"Lord Abbett Fund (LSBAX ) was only launched in 2001 so it has a relatively short track record. But it is being managed by someone who was managing their small-cap value fund, and had a very successful track record in this area. So it wasn’t hard for him to transition over to this blended product. Since it’s been launched it has had a very strong record and a very strong team of research analysts.
"Mason Street Fund (MSASX ) is in the growth area. You may not have heard about Mason, but they are the fund group for Northwestern Mutual Life. They are very quiet. They don’t typically market their funds on a retail basis. But this has a small-cap growth manager with a couple of decades of experience in the small-cap growth area. He is the sole determinant of what goes into the portfolio. He does have a research team of four analysts and at the end of the day, it’s his choice to add or subtract these stocks to the fund.
"On the international side, we have the Alliance Bernstein International Value Fund (ABIAX ). The groups merged together a few years ago. This product came from the Bernstein side. It has a relatively short track record as a retail fund, but there is a 15-year record as a privately managed account. There is an enormous amount of experience behind the fund. It is an incredibly research-intensive group. They rely solely on their own research for every stock they build a five-year forecast for earnings and they put that through a model and that model helps determine which stocks are selected. This can also be a concentrated portfolio, with 50 or 60 stocks. They are intentionally taking a higher risk, higher reward strategy and so far the rewards have been plentiful.
"Goldman Sachs Core International Equity (GCIAX ) is a fund for those who like to take the emotion out of their investing. It is run purely by two quantitative models. One model focuses on currency and country selection and the other focuses on stock selection. They optimize the results of those two models and create a highly diversified portfolio with 200 to 300 stocks. It has had a very good track record.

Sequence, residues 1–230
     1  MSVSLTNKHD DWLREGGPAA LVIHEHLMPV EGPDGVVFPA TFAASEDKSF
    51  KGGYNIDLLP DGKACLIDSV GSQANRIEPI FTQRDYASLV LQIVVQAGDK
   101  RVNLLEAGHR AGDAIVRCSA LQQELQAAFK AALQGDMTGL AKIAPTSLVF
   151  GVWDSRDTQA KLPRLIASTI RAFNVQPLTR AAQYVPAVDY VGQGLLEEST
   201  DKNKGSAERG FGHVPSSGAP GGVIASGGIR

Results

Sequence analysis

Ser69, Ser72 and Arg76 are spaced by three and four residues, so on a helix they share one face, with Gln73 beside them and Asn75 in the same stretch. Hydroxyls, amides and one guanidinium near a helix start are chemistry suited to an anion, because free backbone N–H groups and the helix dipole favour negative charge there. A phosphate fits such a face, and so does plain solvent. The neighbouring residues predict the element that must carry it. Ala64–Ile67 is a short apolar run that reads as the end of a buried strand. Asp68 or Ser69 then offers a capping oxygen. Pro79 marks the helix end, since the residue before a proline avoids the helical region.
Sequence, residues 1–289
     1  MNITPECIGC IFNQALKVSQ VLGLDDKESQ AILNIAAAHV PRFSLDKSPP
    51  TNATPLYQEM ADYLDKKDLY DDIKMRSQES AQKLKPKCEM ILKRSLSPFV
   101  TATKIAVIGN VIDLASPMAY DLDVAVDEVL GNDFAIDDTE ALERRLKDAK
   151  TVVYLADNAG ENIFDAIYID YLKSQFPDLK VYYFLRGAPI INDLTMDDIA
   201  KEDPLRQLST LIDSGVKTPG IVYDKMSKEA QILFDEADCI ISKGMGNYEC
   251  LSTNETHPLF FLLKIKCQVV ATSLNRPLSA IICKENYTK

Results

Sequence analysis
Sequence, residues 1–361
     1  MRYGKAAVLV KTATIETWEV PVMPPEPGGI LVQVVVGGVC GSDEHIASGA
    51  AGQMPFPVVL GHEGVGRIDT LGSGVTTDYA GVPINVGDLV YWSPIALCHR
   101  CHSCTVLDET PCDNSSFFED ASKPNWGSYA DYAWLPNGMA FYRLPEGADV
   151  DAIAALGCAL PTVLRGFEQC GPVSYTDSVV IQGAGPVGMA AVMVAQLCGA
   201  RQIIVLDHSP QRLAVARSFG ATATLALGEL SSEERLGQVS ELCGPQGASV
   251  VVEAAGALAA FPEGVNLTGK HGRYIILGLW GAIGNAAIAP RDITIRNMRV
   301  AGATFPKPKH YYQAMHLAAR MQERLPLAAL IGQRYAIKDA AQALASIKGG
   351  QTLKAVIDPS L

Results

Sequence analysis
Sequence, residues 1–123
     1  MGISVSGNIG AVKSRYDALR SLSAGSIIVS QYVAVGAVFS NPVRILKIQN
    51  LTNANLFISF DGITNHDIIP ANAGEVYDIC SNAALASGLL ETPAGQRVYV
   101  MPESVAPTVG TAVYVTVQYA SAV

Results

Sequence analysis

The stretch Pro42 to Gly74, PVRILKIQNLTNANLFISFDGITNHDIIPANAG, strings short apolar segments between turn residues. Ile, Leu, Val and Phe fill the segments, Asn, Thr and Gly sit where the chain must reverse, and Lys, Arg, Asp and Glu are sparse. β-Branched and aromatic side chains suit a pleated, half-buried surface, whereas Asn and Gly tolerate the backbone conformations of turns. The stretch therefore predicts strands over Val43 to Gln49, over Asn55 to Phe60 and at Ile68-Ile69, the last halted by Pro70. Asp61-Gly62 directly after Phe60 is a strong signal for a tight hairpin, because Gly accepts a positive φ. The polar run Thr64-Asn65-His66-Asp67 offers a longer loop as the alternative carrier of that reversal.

EuroPacific Growth (AEPGX) is managed by Capital Research and Management. They take a team approach to their management. They put together groups of portfolio counselors. This is a very large fund but it has proven they can run funds with large assets and I think a good part of that is this multiple portfolio counselor strategy. Essentially, they take a fund with $30 billion and put six portfolio counselors on it, and they each have $5 billion to manage, which makes it much more manageable.
"On the fixed income side, we have three funds. On the short-end is PIMCO Low Duration (PTLAX ). It operates with a strategy committee chaired by Bill Gross and they set the strategy for all of their products. They look at the yield curve and set duration strategies and determine what sectors they want to over and underweight, and then each of the managers implements that strategy from a security selection prospective for their particular product. The Low Duration fund is a very good short-term product.
"In the middle in terms of duration is Dodge & Cox Income (DODIX ). They are a very good group with only four products. They know what they do, they do it well, and they stick to their knitting. This is a team-managed product with a greater focus on income than total return. It is a very efficiently priced product.
"For long-term fixed income, we like the Vanguard Long-Term Investment Grade (VWESX ). It has picked one sub-advisor here, which is Wellington. The manager has worked on this product almost since its inception and he has done an excellent job in terms of focusing on long-term strategies. There are very few true long-term fixed income products available out there, and we think this is one of the best."